Table of Contents

Biodiversity and Climate Change

Biodiversity and Climate Change

Linkages at International, National and Local Levels

The IUCN Academy of Environmental Law series

Edited by Frank Maes, An Cliquet, Willemien du Plessis and Heather McLeod-Kilmurray

This insightful book deals with the complexity of linking biodiversity with climate change. It combines perspectives from international, national and local case studies, and also addresses this question using a thematic approach.

Chapter 6: The clustering of multilateral environmental agreements: Can the clustering of the chemicals-related conventions be applied to the biodiversity and climate change conventions?

Nils Goeteyn and Frank Maes

Subjects: environment, climate change, environmental law, law - academic, environmental law

Extract

International environmental law and policy have developed in a way that can best be described as piecemeal and disaster-driven. The ensuing international environmental governance (IEG) system is consisting of legally ‘autonomous’ yet thematically kindred multilateral environmental agreements (MEAs). All of these environmental conventions have created their own institutional arrangements, approaches and rationales. In addition, all of these MEAs have unparallel membership. Since no international policy-making institution for the environment is competent to guide these treaty-making processes in a coordinated manner, this situation poses specific challenges to the various legal regimes in international environmental law. The proliferation of MEAs gathered momentum after the 1972 Stockholm Conference, with a redoubled effort after the 1992 Rio Conference (UNCED). The number of MEAs in existence is huge and continues to increase: according to United Nations Environment Programme (UNEP) estimates, more than 500 MEAs are in force today; more than 60 per cent of these treaties were adopted after 1972. The multitude of MEAs also means an enormous and ever increasing number of meetings of the respective Conferences of the Parties (COPs) of the MEAs, their subsidiary bodies, technical and scientific committees and countless ad hoc working groups. There are thus ever more MEAs with more subsidiary bodies that are meeting more regularly.5 This has been considered to be symptomatic for a fragmented system. It has also been noted that most developing nations and the smaller developed nations are facing increasing difficulties to keep participating in all of these meetings.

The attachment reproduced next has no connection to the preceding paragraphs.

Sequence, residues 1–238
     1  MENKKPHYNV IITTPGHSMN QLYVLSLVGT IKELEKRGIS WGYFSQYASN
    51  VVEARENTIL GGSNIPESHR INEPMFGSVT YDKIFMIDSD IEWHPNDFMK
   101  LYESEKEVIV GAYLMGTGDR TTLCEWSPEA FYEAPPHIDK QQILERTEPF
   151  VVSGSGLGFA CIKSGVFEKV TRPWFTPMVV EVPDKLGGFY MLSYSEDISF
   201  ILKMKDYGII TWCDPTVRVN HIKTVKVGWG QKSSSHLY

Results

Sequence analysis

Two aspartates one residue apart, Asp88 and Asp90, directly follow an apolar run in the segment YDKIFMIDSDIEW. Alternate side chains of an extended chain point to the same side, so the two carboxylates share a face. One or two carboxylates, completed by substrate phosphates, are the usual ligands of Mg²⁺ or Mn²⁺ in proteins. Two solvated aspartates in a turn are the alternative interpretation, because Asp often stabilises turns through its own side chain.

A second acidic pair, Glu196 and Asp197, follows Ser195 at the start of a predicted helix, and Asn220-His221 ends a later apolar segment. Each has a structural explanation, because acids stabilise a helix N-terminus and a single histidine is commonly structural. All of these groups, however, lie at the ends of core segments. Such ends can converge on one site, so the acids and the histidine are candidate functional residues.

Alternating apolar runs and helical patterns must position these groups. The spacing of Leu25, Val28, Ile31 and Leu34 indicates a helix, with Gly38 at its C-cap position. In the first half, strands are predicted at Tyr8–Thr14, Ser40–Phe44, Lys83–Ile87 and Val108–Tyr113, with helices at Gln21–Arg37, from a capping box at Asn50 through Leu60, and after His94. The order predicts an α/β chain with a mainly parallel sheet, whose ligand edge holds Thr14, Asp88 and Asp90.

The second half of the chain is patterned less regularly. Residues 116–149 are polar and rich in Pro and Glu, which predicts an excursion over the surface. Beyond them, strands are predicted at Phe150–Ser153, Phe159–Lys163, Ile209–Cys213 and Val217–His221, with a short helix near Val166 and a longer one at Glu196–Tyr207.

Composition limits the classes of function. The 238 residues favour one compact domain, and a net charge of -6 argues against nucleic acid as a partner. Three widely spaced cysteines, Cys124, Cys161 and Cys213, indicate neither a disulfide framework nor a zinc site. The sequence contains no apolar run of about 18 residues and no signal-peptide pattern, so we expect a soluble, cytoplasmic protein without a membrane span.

You are not authenticated to view the full text of this chapter or article.

Elgaronline requires a subscription or purchase to access the full text of books or journals. Please login through your library system or with your personal username and password on the homepage.

Non-subscribers can freely search the site, view abstracts/ extracts and download selected front matter and introductory chapters for personal use.

Your library may not have purchased all subject areas. If you are authenticated and think you should have access to this title, please contact your librarian.

Further information